Archive for the ‘Hepatitis Vaccines’ category

Why is Hep A on the Childhood Schedule of Vaccinations?

January 26, 2009
Hepatitis A is a vaccine on the CDC’s schedule of childhood vaccinations but why? Here is the definition of Hepatitis A from the mayoclinic’s web site:
Hepatitis A is a highly contagious liver infection caused by the hepatitis A virus. Although not usually as serious as other types of viral hepatitis, hepatitis A causes inflammation that affects your liver’s ability to function.

You’re most likely to contract hepatitis A from contaminated food or water or from close contact with someone who’s already infected — even if that person doesn’t appear sick. Some people who are infected never develop signs and symptoms, but others may feel as if they have a severe case of the flu.

Mild cases of hepatitis A don’t require treatment, and most people who are infected recover completely with no permanent liver damage. Unlike hepatitis B and C, hepatitis A doesn’t develop into chronic hepatitis or cirrhosis — both potentially fatal conditions.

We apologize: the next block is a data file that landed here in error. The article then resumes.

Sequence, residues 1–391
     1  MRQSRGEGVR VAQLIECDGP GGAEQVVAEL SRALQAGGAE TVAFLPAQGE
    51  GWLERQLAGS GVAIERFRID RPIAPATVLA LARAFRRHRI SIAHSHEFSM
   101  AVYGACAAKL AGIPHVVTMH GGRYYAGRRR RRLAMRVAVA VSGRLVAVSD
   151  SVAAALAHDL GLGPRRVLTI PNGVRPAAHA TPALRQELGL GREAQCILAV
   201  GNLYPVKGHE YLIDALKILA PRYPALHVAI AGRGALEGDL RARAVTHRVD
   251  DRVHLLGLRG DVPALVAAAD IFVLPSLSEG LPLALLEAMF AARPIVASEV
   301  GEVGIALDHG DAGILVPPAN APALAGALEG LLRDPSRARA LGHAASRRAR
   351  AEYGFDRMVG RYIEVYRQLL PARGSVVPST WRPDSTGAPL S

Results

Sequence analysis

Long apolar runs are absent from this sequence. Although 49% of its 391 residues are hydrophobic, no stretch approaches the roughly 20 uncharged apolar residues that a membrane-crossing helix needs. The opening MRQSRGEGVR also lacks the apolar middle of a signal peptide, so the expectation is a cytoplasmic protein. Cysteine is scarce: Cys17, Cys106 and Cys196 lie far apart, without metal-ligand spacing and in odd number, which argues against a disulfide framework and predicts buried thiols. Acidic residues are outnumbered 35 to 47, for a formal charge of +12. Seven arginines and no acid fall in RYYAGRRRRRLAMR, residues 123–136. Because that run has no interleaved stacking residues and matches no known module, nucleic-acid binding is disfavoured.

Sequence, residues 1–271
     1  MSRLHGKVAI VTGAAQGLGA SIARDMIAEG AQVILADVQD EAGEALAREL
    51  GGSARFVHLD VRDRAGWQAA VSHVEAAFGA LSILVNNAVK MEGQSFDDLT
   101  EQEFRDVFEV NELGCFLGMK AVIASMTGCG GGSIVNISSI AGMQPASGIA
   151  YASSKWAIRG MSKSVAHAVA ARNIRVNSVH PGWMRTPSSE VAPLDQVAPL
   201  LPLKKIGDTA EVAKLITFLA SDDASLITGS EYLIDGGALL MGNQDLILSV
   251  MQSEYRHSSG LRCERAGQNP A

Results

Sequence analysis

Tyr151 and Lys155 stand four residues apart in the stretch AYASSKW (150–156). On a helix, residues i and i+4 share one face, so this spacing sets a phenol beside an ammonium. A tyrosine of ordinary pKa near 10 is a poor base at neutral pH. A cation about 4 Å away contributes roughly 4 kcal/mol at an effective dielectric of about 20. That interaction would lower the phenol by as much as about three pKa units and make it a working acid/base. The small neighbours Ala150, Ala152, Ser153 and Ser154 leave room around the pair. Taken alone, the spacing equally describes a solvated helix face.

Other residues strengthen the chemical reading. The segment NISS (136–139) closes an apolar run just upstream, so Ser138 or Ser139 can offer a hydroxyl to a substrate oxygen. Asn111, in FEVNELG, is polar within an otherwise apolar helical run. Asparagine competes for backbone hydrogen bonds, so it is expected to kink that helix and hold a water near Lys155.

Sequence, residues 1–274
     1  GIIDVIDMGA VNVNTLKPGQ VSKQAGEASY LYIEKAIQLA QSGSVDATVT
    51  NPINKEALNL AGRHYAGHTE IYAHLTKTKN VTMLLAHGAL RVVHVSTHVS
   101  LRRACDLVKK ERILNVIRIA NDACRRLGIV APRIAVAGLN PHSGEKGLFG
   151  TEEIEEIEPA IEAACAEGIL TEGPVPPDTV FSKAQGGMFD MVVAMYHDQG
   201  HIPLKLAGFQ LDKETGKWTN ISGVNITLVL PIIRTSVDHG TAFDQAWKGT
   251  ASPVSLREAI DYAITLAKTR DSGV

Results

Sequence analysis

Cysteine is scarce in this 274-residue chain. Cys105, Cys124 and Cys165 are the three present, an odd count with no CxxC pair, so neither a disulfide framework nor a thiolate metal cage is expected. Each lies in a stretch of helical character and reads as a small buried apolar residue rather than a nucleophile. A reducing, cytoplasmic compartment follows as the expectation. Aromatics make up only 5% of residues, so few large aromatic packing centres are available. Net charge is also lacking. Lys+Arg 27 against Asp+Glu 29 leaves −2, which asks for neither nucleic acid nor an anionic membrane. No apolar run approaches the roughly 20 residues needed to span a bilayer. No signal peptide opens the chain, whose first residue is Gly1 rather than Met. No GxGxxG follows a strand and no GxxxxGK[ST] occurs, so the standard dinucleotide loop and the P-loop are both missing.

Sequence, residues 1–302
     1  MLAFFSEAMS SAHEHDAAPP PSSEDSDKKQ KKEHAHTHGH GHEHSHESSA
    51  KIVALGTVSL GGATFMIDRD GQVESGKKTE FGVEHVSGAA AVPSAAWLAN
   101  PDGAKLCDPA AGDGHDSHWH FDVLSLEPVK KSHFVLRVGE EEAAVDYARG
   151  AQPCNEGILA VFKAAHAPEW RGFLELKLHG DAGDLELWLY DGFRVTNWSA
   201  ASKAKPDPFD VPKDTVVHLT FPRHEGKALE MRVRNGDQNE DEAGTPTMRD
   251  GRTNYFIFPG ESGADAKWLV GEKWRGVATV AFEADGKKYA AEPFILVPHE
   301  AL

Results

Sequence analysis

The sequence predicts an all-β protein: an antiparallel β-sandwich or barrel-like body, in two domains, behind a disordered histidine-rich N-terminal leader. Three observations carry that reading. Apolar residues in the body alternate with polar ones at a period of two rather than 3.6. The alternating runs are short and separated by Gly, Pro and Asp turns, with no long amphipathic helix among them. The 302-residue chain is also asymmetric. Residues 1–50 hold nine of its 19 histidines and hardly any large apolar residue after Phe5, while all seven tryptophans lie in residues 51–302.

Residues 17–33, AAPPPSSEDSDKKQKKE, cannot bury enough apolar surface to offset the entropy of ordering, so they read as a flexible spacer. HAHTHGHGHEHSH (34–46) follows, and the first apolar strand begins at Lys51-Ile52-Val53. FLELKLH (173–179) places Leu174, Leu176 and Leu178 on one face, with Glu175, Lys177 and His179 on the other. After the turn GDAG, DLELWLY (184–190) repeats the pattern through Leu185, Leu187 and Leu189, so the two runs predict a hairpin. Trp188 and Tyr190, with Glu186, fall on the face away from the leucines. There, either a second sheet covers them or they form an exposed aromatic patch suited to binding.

Practicing good hygiene — including washing your hands often — is one of the best ways to protect against hepatitis A. Effective vaccines are available for people who are most at risk.

So, after much research, I found most all web sites report the same thing. In fact, most children are exposed and recover from Hepatitis A infection without ever knowing it! Why does the CDC recommend this vaccine for all children one year of age but then go on to emphasize high risk groups such as men who have sex with other men and drug users in their vaccine hand out?

This is one vaccine that may not be necessary for a young child, just as the Hep B vaccine is totally absurd to give to newborns. In searching the VAERS reporting web site, there have been 2081 adverse reactions and deaths to one variation of the Hep A vaccine. This sounds to me like it’s a much higher number compared to actual infections in young children. You might want to think twice and avoid this vaccine altogether.